Her piece “Worlds Apart” in The New York Times Magazine won the National Magazine Award for “journalism that illuminates issues of national importance” as well as the Hillman Prize for Magazine Journalism. In 2016, she was awarded a Peabody Award and George Polk Award for radio reporting for her This American Life story, “The Problem We All Live With.” She was named Journalist of the Year by the National Association of Black Journalists, and was also named to 2019’s The Root 100 as well as Essenece’s Woke 100. Her reporting has also won Deadline Club Awards, Online Journalism Awards, the Sigma Delta Chi Award for Public Service, the Fred M. Hechinger Grand Prize for Distinguished Education Reporting, and the Emerson College President’s Award for Civic Leadership. In February 2020, she was profiled by ESSENCE as part of their Black History Month series, celebrating “the accomplishments made by those in the past, as well as those paving the way for the future”.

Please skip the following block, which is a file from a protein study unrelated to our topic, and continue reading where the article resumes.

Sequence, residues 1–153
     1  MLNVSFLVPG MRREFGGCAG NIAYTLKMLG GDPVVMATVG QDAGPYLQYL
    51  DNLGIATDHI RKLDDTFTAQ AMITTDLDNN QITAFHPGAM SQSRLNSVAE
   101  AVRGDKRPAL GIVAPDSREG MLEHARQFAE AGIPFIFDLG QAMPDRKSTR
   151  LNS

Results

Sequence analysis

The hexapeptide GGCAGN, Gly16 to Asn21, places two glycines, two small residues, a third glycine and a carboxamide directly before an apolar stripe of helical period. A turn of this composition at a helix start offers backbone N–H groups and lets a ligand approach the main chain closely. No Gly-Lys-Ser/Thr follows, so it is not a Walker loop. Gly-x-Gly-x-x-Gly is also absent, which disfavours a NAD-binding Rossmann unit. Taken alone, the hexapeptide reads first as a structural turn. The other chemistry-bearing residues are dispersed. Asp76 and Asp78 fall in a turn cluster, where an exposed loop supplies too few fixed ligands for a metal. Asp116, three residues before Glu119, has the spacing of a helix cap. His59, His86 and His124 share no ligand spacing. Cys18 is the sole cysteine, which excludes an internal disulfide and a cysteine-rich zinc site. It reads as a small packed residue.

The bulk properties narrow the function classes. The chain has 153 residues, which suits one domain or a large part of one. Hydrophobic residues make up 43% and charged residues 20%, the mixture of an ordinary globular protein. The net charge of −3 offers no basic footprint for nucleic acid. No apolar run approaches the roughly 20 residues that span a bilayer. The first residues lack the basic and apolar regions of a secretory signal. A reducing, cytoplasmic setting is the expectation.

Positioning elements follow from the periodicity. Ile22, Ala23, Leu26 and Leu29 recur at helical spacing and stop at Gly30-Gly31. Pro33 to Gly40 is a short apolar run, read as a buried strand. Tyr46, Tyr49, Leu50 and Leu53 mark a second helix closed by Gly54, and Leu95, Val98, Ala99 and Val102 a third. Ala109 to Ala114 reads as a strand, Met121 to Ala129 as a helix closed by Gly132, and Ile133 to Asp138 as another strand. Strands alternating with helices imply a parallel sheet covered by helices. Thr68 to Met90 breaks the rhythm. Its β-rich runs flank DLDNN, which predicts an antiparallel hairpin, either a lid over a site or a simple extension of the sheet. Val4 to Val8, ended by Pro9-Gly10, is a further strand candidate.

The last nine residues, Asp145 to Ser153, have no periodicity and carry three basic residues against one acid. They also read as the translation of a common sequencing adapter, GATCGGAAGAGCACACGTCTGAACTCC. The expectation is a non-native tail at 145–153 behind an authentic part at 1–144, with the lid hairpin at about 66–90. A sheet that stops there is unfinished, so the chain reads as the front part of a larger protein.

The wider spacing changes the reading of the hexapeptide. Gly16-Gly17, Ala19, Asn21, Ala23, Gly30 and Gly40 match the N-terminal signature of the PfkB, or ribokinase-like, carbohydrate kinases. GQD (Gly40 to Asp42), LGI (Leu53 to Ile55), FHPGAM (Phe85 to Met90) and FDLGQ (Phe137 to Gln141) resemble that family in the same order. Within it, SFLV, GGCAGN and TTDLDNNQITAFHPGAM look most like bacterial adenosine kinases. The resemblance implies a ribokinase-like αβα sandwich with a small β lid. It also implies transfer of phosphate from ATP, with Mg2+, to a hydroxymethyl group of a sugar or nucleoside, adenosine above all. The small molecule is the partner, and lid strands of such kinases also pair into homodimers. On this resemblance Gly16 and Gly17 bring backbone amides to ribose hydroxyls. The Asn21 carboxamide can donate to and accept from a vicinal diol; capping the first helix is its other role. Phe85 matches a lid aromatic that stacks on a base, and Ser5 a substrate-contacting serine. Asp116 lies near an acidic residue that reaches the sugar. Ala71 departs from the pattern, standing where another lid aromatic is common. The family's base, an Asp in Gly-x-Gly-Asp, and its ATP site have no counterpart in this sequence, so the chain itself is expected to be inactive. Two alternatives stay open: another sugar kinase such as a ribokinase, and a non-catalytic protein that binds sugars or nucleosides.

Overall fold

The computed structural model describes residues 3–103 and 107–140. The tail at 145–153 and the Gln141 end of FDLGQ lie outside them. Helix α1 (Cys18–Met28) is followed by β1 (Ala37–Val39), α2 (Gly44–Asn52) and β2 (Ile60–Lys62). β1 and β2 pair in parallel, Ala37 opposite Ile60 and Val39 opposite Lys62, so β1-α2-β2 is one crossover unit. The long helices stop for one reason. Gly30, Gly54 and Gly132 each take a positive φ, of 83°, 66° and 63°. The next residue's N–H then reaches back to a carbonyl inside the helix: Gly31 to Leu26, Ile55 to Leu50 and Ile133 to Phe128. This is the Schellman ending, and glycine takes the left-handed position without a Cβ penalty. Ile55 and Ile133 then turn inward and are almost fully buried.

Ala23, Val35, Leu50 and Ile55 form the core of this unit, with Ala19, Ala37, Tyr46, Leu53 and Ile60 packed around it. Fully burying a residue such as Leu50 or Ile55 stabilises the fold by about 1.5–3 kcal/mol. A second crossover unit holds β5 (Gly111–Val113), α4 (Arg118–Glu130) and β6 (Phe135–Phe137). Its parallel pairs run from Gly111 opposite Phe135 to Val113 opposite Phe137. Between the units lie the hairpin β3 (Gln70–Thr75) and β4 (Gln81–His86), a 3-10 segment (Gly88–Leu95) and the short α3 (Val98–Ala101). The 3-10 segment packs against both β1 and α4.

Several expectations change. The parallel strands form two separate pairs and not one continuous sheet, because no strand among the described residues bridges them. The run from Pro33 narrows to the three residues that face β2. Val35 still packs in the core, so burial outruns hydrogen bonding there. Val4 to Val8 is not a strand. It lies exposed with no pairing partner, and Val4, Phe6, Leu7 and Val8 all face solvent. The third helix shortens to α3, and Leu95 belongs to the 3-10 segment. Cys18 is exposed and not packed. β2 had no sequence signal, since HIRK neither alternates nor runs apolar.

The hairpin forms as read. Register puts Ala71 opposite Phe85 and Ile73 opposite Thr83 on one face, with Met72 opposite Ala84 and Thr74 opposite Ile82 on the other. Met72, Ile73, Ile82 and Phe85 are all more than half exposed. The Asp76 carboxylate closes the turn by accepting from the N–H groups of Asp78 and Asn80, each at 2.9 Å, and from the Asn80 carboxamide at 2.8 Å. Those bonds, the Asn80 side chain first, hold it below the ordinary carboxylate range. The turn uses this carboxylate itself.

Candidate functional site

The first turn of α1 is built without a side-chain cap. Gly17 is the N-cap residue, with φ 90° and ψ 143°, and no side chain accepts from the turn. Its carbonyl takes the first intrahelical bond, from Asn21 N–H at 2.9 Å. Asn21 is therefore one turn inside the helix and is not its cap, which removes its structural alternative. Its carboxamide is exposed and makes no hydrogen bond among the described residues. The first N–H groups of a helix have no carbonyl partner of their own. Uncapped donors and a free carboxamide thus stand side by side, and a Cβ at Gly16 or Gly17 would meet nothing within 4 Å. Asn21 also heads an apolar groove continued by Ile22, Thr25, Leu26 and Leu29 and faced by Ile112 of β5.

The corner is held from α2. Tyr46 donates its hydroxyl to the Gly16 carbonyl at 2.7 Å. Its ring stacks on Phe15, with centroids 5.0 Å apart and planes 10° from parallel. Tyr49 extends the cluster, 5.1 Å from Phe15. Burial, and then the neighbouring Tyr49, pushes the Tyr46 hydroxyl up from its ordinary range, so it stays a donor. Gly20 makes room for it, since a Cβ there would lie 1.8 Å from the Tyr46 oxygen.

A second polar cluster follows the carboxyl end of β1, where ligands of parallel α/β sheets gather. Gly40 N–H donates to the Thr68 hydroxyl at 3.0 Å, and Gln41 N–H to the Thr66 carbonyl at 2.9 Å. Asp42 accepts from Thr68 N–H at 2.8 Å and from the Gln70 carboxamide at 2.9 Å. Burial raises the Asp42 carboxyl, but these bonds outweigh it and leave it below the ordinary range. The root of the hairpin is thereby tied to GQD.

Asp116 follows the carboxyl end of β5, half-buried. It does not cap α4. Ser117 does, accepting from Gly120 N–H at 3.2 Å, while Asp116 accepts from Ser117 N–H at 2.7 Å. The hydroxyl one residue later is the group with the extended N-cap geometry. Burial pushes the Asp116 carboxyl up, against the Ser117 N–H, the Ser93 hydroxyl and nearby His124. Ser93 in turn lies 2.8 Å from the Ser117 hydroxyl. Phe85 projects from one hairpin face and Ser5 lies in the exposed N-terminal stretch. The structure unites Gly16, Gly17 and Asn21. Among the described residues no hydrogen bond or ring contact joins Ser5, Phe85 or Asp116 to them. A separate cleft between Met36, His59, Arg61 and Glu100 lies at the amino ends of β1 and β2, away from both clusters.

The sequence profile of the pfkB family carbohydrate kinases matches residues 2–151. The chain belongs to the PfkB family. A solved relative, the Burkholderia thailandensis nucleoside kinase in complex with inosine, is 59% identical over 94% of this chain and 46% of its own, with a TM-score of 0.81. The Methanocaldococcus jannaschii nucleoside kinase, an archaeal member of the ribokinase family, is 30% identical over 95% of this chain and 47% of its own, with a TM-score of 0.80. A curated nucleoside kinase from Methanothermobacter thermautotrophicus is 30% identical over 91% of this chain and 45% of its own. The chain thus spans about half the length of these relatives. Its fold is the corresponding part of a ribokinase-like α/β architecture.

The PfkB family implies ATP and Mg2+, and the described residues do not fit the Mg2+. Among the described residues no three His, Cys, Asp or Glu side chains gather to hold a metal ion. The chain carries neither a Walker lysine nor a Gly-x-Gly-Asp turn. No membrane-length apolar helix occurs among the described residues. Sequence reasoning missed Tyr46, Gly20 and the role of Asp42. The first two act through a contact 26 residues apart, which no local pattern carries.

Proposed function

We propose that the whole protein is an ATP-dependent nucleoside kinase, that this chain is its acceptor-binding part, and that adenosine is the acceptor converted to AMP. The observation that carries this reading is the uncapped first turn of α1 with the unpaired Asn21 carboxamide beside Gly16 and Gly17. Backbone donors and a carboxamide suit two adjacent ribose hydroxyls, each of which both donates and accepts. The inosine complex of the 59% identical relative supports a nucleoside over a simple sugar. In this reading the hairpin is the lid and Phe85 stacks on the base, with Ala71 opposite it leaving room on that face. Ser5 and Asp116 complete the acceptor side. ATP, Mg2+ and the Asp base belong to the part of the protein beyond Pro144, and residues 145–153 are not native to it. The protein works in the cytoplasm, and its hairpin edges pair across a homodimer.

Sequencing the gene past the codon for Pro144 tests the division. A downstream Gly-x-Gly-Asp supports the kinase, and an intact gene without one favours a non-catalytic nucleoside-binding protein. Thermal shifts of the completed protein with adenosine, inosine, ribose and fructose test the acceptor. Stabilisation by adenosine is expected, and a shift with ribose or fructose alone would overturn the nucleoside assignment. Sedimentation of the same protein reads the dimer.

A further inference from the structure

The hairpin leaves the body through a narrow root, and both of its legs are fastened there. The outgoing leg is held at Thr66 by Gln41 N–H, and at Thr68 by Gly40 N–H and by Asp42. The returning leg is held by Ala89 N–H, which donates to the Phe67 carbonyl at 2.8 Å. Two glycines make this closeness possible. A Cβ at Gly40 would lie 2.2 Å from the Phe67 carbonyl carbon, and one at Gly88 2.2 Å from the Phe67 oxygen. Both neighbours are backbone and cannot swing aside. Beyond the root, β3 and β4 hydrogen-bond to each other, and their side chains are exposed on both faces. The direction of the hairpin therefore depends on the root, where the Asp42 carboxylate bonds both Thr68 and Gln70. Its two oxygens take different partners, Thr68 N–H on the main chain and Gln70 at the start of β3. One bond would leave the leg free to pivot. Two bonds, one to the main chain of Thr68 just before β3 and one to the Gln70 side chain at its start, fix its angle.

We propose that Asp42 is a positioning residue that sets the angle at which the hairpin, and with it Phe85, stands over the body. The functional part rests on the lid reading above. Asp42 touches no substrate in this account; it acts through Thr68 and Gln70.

Hannah-Jones co-founded the Ida B. Wells Society for Investigative Reporting with the goal of increasing the number of reporters and editors of color. She holds a Master of Arts in Mass Communication from the University of North Carolina and earned her BA in History and African-American studies from the University of Notre Dame. For the Institute for Advanced Journalism Studies, she investigated social changes under Raul Castro and the impact of universal healthcare on Cuba’s educational system. She was also selected by the University of Pennsylvania to report on the impact of the Watts Riots for a study marking the 40th anniversary of the Kerner Commission report. Along with The New York Times, her reporting has been featured in ProPublica, The Atlantic Magazine, Huffington Post, Essence Magazine, The Week Magazine, Grist, Politico Magazine, and on Face the Nation, This American Life, NPR, The Tom Joyner Morning Show, MSNBC, C-SPAN, Democracy Now, and radio stations across the country.